European desk

Some may argue that the Economist Group relies on specialists who have localised knowledge of the region they cover. Point taken, but for regions such as Africa which have a high concentration of black people, does it mean there are no African based economists that have an in-depth understanding of the local economies? If the Asian desk can have Asian economists; if the European desk can have European economists; if the Latin American desk can have Latin American economists, why is it so difficult to recruit and retain African economists as part of the African desk? By excluding black economists, the Group is depriving itself and its customers of the contribution of people who have an in-depth understanding of the African economy.

Some may argue that I am playing the race card. Point taken, but this is not a game, it’s the reality. Based on what I have detailed above which is available in the public domain, the evidence is clear that the cards appear to be stacked against black economists.

Before concluding, I would like to discuss representation. Every year, thousands of students of different colours and creed around the world apply for spaces at various universities to study economics. Some of these students dream of one day working for a reputable organisation that would enable them to put the concepts they learnt in school into practice. When they begin their job search, they visit the websites of the organisations they are interested in working for. Some of them will go to the staff directory to check the online profile of employees in the company. How will a black graduate feel when he checks the online directory only to discover that people who look like him are not represented in the organisation? Will he feel that it is a “black-free zone”? Will she look back at her life and wonder whether she wasted three years in school studying a course, which is not open to people with her melanin? Will she feel a sense of disappointment when she learns that her white and Asian colleagues have got their offer letters even though they all have equal academic and professional abilities? Representation matters.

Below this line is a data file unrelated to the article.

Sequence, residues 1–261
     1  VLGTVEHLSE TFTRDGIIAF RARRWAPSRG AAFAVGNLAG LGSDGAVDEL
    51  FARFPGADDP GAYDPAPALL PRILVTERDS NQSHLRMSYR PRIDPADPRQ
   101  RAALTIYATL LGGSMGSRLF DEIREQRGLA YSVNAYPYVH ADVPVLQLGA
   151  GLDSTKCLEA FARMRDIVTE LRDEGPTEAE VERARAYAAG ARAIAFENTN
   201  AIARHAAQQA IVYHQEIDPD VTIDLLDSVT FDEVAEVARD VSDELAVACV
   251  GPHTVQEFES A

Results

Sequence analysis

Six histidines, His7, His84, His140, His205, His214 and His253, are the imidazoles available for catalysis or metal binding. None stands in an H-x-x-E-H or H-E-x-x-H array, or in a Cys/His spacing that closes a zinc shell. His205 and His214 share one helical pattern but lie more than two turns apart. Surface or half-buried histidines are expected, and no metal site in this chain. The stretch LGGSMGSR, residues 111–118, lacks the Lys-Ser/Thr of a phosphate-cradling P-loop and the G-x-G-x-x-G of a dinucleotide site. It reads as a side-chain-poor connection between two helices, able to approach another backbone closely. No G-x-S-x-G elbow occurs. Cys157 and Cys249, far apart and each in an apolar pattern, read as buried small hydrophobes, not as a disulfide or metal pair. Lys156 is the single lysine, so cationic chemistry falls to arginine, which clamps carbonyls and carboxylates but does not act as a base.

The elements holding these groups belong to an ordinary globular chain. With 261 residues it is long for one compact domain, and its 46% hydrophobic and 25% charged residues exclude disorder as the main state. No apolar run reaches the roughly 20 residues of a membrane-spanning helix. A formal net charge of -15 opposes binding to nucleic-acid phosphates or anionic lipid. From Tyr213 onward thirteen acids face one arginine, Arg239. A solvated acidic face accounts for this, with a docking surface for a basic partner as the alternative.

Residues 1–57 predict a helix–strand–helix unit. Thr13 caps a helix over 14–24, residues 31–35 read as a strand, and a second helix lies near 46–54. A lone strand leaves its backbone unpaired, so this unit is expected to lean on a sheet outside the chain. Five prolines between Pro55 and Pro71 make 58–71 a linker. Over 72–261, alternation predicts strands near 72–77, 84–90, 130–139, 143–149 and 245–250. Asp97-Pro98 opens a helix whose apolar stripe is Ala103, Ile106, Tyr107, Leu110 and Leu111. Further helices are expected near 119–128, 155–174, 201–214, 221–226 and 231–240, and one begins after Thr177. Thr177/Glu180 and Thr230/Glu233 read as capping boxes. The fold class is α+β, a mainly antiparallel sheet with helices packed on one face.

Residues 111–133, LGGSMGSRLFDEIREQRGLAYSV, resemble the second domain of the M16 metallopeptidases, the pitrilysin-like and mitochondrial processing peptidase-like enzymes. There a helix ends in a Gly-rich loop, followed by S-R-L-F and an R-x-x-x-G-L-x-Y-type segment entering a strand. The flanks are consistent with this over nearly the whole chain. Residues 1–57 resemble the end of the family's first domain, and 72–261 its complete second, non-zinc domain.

For the sake of clarity, I am not calling or suggesting that anyone within the Economist Group is racist. I am only questioning the structural framework, which has led to the exclusion of black economists. When Ms Zanny Beddoes participated at Bill Maher’s show discussing the theme, “A System of Racism”, the panellists agreed there could be racism and sexism without racists or sexists. I guess some of you may be uncomfortable with this conversation, but as Ms Beddoes said on the show, “That is the conversation we should be having.”

Perhaps, I may have got my analysis wrong in the sense that the Group might have many black economists within its editorial team and research departments. If this is the case, please accept my apology. But to avoid a situation in future where people jump to the conclusion that black economists have been excluded, may I suggest you update the media directory to include those black economists who were initially omitted from the directory (if this is the case). If the Group has no objection in making its economists of other races visible to the outside world, it should have no objection giving its black economists the same level of visibility.

I trust you will read what I have written with an open mind and use your good office to redress the racial imbalance within the Group. In my introduction, I quoted Martin Luther King’s statement about injustice; I’d like to conclude this letter by paraphrasing Ms Zanny Beddoes comment about diversity, “I can’t wait for the day when it is no longer newsworthy that a black person has been appointed as an economist at the Economist Group.”

Happy Valentine.


Ahmed Olayinka Sule, CFA


14 February 2019




Writer and social critic